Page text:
... Yuzu seeds can provide over 100 times the amount of limonoids found in grapefruit seed in commercial production (Minamisawa et al., 2014). The first study of the physiological effects of citrus limonoids reported inhibitory effects on eating in the case of armyworms and predatory insects (Hasegawa & Ifuku, 1994). Strong inhibitory effects on eating were subsequently observed in termites. ...
We determined high concentrations of arginine and polyamines (putrescine, spermidine, and spermine) in yuzu (Citrus junos) seeds. Yuzu produces large quantities of limonoids. We fed limonoid aglycones extracted from yuzu seeds and commercial spermine as a polyamine to Sandhoff disease (SD) mice with abnormal glycolipid metabolism and autosomal recessive inheritance, as found in humans. Ingestion of limonoid aglycones and spermine by SD mice extended their longevity by about 10–12%, where it alleviated inflammation of the central nervous system. After administering limonoid aglycones or limonoid aglycones/spermine, analyses of the bacterial flora in the feces based on 16S rDNA indicated changes in the relative ratio between Bacteroidetes (Bacteroidales and Lactobacillus) and Firmicutes (Clostridiales and Erysipelotrichaceae). In both SD and wild-type mice, the amount of short-chain fatty acids produced by the bacterial flora increased according to the intake of limonoid aglycones and spermine.
The limonoids of the seeds and the flavonoids of the leaves of a number of species of the Citrus sub-genus Papeda were examined. The seeds contained only the normal citrus limonoids and did not contain ichangensin, the unique limonoid found in C. ichangensis. A flavonoid analysis showed that a number of papeda varieties including C. latipes and C. hystrix may be a papeda hybrid species. C. junos had flavanone neoheperidosides, which are also found in cultivars related to the pummelo. All papedas examined had rutin present, which is characteristic of cultivars related to the citron. Citrus ichangensis had the most complex flavone/flavonol pattern of all the papedas examined. This suggests that Citrus ichangensis may truly be a unique papeda species unlike that of the other papedas.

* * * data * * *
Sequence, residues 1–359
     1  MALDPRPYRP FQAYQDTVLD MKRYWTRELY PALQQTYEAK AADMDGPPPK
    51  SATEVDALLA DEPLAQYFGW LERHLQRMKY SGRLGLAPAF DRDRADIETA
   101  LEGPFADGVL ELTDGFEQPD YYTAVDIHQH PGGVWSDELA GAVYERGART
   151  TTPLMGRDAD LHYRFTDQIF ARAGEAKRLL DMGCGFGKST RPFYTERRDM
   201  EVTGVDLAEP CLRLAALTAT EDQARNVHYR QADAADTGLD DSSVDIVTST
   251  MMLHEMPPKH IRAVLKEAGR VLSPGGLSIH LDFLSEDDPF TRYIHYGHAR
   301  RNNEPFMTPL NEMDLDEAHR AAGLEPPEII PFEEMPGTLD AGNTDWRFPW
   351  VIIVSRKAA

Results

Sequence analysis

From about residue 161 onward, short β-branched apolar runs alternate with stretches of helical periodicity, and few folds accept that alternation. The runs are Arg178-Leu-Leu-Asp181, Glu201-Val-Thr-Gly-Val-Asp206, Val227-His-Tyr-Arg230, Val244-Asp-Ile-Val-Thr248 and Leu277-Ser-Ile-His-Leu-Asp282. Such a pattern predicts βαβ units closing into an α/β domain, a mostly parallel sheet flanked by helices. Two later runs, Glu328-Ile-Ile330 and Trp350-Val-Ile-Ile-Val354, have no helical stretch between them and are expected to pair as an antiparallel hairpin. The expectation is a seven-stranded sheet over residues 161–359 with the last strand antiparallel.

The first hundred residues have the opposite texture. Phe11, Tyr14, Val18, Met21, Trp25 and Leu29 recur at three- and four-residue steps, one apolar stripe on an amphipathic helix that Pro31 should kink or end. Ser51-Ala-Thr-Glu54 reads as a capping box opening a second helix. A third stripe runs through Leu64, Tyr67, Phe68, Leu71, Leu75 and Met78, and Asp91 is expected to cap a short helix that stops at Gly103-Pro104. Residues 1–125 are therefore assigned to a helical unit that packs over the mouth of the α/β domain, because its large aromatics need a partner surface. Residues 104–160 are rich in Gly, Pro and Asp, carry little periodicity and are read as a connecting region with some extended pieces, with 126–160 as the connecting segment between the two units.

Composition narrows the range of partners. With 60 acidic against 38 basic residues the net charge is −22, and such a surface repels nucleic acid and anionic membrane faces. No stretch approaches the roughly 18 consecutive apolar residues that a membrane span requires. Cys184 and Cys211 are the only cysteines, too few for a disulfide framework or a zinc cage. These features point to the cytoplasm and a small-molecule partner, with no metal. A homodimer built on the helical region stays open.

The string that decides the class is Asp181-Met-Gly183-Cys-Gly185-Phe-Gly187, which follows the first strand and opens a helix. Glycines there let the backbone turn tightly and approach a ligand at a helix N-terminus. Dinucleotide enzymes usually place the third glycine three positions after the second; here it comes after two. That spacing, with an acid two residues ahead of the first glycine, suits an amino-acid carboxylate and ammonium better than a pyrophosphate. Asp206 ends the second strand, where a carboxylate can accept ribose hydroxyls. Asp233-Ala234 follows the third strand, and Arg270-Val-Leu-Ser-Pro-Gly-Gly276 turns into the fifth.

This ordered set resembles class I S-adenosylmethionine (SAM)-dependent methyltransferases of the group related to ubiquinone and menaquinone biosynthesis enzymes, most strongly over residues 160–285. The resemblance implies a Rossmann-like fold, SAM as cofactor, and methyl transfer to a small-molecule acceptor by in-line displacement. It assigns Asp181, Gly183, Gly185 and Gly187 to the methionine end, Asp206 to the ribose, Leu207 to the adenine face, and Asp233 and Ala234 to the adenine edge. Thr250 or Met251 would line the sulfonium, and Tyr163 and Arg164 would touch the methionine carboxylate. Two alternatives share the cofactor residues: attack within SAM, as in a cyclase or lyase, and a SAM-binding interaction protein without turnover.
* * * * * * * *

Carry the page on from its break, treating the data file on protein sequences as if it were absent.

We isolated a cDNA clone encoding limonoid UDP-glucosyltransferase (limonoid GTase) from the albedo of Satsuma mandarin (Citrus unshiu Marc.) and investigated the contribution to limonoid glucoside accumulation in fruit. The isolated cDNA clone (CitLGT) was 1732 bp in length encoding 511 deduced amino acids with a predicted molecular mass of 57.5 kDa. The products of in vitro translation from an expression vector had the limonoid GTase activity. Southern blot analysis of genomic DNA indicated that CitLGT was present as a single copy gene in the Citrus genome. The amount of transcript corresponding to CitLGT mRNA changed the same way as the fluctuation of limonin glucoside content during fruit development of navel orange (Citrus sinensis Osb.). This indicates that the transcription of CitLGT regulates the conversion of limonoid aglycones to glucosides in citrus fruit.